“essays on democracy” by Michael Phillips provides information that everyone who works with plants should know. The information in this book will radically change the way you look at soil and plant health.
http://pesek.at/essay-on-life-experience/ shifts the focus from killing insects and fighting disease to building vigorous, thriving ecosystems with plant and fungi partnerships. Strong plants are naturally resistant to attack – and provide more nutrient dense food. Mycorrhizal networks are the glue that holds everything together, partnering with plants and bacteria in ways that are only now becoming better understood. Kill the fungi, and you cut off the plant's access to more nutrients.
This is particularly troubling, given how many crops are now routinely treated with fungicides. The http://gregorianika-web.de/ estimated the following for 2009:
Fungicides were the most common type of pesticide used on apples, blueberries and peaches. They were applied to 87 percent of the blueberry acres and 85 percent of the peach and apple acres. Insecticides were applied to 87 percent of apple acres, 84 percent of blueberry acres and 81 percent of peach acres.
The article “http://www.ascensoreslezama.com/” notes that, “Fungicides were routinely applied on up to 30 percent of the nation's 220 million acres of corn, soybean and wheat, according to a 2009 estimate.”
Farmers are facing disease pressures, so they spray, or treat the seeds. Nature, being nature, adapts.
We're now seeing headlines like, “Early blight disease on potato is becoming immune to fungicides“. The CDC quotes, ” Just like some bacterial infections are resistant to antibiotics, some fungi no longer respond to the antifungal medications that are designed to cure them.” I don't know about you, but I think it's time for another approach.
Mycorrhizal Planet – Regenerative Practices for the Farm, Garden, Orchard, Forest and Landscape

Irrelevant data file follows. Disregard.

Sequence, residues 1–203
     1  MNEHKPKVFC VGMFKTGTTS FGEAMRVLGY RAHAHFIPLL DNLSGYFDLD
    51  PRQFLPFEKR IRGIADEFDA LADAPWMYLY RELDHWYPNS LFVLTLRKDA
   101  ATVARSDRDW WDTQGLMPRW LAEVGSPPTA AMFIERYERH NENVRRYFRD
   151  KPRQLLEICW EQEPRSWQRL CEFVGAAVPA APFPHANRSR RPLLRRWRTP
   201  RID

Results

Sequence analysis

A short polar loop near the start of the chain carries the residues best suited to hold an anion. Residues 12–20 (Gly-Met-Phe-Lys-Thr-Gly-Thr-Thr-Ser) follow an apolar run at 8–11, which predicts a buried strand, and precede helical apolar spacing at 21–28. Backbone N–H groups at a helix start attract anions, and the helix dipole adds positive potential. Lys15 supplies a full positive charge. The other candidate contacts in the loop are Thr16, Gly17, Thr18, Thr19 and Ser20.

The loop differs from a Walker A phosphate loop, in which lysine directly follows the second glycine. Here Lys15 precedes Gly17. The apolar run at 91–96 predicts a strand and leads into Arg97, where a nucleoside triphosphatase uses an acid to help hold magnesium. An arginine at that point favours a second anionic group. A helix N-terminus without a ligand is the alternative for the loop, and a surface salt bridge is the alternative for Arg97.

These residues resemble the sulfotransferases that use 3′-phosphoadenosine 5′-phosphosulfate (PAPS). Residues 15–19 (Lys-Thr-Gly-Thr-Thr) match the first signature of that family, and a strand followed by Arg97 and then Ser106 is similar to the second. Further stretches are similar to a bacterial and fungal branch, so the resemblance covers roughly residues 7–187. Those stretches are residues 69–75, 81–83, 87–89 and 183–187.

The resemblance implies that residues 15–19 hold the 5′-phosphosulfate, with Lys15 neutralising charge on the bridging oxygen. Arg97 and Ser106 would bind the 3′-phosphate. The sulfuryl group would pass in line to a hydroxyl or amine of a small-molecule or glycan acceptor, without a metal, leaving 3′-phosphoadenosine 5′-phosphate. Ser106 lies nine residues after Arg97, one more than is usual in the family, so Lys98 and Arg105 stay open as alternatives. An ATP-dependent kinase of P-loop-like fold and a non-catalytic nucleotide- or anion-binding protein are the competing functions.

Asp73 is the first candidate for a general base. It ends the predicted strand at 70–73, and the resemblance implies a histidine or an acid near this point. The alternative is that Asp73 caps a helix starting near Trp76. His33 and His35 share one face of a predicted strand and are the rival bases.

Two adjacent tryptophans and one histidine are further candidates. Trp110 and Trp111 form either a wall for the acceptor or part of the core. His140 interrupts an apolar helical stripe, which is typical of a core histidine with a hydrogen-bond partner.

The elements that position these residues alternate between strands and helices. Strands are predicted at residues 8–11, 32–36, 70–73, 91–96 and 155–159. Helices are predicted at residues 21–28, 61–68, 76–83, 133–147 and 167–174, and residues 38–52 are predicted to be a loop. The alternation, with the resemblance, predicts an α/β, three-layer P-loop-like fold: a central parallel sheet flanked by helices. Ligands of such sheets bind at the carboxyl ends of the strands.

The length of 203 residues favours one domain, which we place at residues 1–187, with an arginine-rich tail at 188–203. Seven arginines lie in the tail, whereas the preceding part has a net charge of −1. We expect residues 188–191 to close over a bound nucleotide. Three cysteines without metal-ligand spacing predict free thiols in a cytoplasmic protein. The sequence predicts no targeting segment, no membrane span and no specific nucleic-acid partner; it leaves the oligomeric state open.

Chapters in Mycorrhizal Planet are as follows:
- Mycorrhizal Ascendancy – Describes mycorrhizal types, how they partner with plants and how they propagate
- Healthy Plant Metabolism – A more detailed look the plant/fungi partnership, with emphasis on building plant immune systems
- Underground Economy – Establishing and sustaining robust and widespread myco colonies
- Provisioning the Mycorrhizosphere – The conditions and amendments your healthy fungi need to thrive
- Fungal Accrual – How to introduce healthy mycorrhizal fungi and the environments that foster them
- Practical Non-disturbance Techniques – Protecting the fungi in the garden, landscape, orchard, forest and farm
- Edible Mycorrhizal Mushrooms
- Soil Redemption Song
Michael's passion for his subject is obvious. Like his earlier books, The Apple Grower and The Holistic Orchard, he bases his writings on a combination of experience and intense research. (Remember when late blight devastated tomato crops up and down the eastern seaboard? Michael's garden sailed through without a problem while his neighbor's plants fell to the blight.) He provides an exhaustive study of the role of mycorrhizal fungi in plant health, and how we can use this information to our advantage.
He sums up his approach at the end of the book:
One: Promote healthy plant metabolism as the guiding paradigm in growing anything. And two: think and think again about ways to least disturb the soil ecosystem. Our overarching goal needs to be to amplify mycelial connection everywhere.
Take Care of the Fungi and They'll Take Care of Us
The growth difference for plants with and without fungal support was amazing, but mycorrhizae do more than double the size of a tree. A few of their many benefits include:
- Improving uptake of trace minerals
- Reduced transplant shock
- Improved production
- Suppression of root pathogens
- Reduced fertilizer requirements
- Helping plants to cope with salinity and soil compaction
If your reaction to this book is anything like mine, like me you'll be working to add more mycorrhizal fungi to your garden and orchard. This book has changed my entire perspective on gardening, giving me encouragement to keep pursuing alternative plant and soil building techniques. The answer to feeding the world is right under our feet.
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